Date recorded: February 25 2014

Duration: 57 minutes 25 seconds

This webinar will highlight the development of light scattering theories in the late 1800's culminating in Mie's classic paper in Ann. Physik. We'll hightlight the editorial exchanges that took place prior to publication.
Table of contents
1. Untitled
01:47
2. Abstract
00:37
3. Obligatory Opening Quotation (O2Q)
01:11
4. The giantsMaxwell, Lord Rayleigh (John William Strutt), and Stokes had more than dabbled… Maxwell had set the scene in 1865.….or had he?…..
01:04
5. Rayleigh – “Rawl-ee"
00:50
6. Rayleigh
01:01
7. It had all been done before…. in 1863....Alfred Clebsch "Über die Reflexion an einer Kugelfläche" Journal für Mathematik, Band 61, Heft 3, 195 – 262 (1863) This is before Maxwell!
01:13
8. No diagrams though…. Only complex math….
00:36
9. But…
01:08
10. Clebsch
00:57
11. The same fate befell Lorenz……
01:27
12. No-one can have these papers can they?!
00:18
13. Early work
01:28
14. Debye came afterwards (1909) in the same journal as Mie (Annalen der Physik)
00:49
15. So what did Debye do differently?After Laven in “The Mie Theory” (Eds. Hergert/Wreidt)
01:13
16. Mie and Debye (after Laven in “The Mie Theory”)
01:01
17. So Mie wasn’t even second…. But he did have diagrams!
01:24
18. So, Gustav, what does it mean to Mie?
01:05
19. Ph.D (1892) & Biography‘‘On the Fundamental Principle of the Existence of Integrals of Partial Differential Equations’’
01:03
20. In Ph.D thesisTranslation by Ulf NobbmannIch bin Ihnen sehr dankbar
00:36
21. More ‘Lebenslauf’
00:16
22. Mie’s letter to the journal
01:09
23. The journal’s response (Wilhelm Wien)
00:40
24. The paper – in Annalen der PhysikAnn. Physik, 25, 377 – 445, (1908)
00:40
25. 2 translations: one into English (1976) and one into American (1978)
00:48
26. An overview of Mie’s solution
01:33
27. The scattered intensity as a function of angle
01:47
28. The argument develops…
01:34
29. We then need to calculate the intensity functions
00:50
30. Ah, but what was p and t?
01:12
31. p and t
00:30
32. The error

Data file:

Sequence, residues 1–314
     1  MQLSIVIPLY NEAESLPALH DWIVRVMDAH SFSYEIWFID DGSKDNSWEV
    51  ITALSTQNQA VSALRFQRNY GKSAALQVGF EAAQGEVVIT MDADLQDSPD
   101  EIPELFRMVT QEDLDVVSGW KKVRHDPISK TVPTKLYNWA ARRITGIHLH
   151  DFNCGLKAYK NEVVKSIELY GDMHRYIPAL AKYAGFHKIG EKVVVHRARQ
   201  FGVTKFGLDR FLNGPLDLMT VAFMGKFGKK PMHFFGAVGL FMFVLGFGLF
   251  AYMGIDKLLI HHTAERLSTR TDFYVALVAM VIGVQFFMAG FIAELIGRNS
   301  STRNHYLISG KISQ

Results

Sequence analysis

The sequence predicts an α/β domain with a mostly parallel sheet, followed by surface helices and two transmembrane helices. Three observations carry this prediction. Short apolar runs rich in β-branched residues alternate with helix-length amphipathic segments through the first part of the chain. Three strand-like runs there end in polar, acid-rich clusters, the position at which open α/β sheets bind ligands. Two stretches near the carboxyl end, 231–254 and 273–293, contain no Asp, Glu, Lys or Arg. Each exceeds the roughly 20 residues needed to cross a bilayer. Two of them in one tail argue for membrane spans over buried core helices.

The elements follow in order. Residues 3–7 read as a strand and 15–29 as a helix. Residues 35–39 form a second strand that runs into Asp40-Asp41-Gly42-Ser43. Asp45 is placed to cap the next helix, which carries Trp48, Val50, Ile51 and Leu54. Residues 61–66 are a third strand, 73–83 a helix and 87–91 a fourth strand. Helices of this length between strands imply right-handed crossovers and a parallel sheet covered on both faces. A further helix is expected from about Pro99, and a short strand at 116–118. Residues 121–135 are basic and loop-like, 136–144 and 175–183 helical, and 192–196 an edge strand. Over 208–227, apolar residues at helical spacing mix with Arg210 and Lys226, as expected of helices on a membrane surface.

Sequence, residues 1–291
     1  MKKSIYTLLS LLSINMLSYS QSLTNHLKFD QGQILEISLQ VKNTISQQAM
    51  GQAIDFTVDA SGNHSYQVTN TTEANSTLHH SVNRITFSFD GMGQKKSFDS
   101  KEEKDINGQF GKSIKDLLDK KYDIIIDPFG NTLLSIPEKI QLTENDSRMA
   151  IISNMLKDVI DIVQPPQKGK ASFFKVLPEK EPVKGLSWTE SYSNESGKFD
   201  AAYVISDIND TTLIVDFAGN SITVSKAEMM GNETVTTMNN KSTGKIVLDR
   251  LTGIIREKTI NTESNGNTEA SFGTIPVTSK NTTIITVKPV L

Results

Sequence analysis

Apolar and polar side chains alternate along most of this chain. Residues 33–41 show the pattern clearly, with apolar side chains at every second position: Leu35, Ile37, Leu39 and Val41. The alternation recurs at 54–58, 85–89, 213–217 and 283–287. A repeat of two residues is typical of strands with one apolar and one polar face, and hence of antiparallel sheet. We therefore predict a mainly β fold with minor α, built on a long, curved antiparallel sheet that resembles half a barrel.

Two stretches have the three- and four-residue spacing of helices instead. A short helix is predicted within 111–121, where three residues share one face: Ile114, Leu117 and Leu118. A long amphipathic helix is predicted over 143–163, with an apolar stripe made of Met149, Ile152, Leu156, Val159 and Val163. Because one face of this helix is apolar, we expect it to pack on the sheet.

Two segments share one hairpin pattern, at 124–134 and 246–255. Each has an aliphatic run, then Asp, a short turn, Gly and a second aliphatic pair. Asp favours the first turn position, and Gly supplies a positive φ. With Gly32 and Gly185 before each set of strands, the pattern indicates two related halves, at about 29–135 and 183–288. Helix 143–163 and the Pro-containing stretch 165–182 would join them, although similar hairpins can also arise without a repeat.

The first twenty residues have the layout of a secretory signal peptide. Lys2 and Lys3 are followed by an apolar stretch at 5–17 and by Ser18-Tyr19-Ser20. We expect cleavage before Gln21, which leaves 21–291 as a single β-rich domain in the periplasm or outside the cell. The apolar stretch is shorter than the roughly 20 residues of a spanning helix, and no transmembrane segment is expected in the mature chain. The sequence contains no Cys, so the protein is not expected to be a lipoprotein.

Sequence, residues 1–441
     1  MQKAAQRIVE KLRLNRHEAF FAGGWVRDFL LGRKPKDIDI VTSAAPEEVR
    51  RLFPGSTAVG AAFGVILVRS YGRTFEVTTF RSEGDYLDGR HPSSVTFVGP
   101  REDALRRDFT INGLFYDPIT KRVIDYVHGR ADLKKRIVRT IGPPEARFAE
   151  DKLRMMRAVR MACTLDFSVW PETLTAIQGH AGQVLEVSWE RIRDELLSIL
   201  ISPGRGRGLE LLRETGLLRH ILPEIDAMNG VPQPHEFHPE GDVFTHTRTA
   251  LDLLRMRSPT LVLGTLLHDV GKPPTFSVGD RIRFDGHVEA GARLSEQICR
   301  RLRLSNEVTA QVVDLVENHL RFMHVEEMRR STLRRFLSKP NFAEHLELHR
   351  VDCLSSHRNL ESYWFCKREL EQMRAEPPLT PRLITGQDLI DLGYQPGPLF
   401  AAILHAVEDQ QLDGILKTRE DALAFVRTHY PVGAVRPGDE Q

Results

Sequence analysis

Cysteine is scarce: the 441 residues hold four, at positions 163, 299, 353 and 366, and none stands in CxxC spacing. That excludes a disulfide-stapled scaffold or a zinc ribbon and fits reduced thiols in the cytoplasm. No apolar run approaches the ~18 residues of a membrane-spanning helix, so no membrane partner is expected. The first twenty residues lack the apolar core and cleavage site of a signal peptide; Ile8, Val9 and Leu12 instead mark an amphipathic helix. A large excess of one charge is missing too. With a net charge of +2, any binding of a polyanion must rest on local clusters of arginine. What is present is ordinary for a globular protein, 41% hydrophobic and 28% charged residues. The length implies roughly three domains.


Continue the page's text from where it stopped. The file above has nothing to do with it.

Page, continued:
00:57
33. Harry Bateman (1882 – 1946)“To shake his hand was like grasping a leaf of wilted lettuce”
01:21
34. OK, back to Mie
00:32
35. Getting complicated?! Big J….
01:33
36. Making waves
00:37
37. The Mie plot
01:08
38. Practical computing of am and bm
01:08
39. Thus…
00:07
40. And… designating 4 new terms
00:36
41. Note
00:43
42. Then…
00:10
43. How many summations/terms?
01:19
44. a = 0.1 and a = 20 (Penndorf/Goldberg)
00:55
45. I said, how many?!
00:50
46. Summations continued
01:15
47. Bohren and Huffman – “BHMIE”
00:40
48. The RI’s Mie used for his (Au) calculations
00:22
49. Mie’s legacy and novelty (after Horvath)
01:14
50. The outcome:pictures and predictions!
00:37
51. Now we can do these calculations on our PC
01:08
52. The scattering is complex – even for a sphere!Gérard Gouesbet’s team in France
00:00
53. General form of the plot (p 289; Davis Ed.)
00:45
54. Theory not universally accepted……….
00:59
55. Sleeping Beauty…
00:14
56. But it grew and grew…. Sleeping Beauty
00:34
57. But we also note…
00:30
58. The old way The modern way Philip Laven’s MiePlot
00:19
59. Acknowledgements
00:35
60. Best references to Mie (the person) and his solution….
01:10
61. References
00:18
62. References
00:34
63. The T-shirt logos – 2008; © Alan Rawle
00:12
64. And there’s more… © Alan Rawle
00:18
65. Thank you!
00:46
66. Contact Information
01:12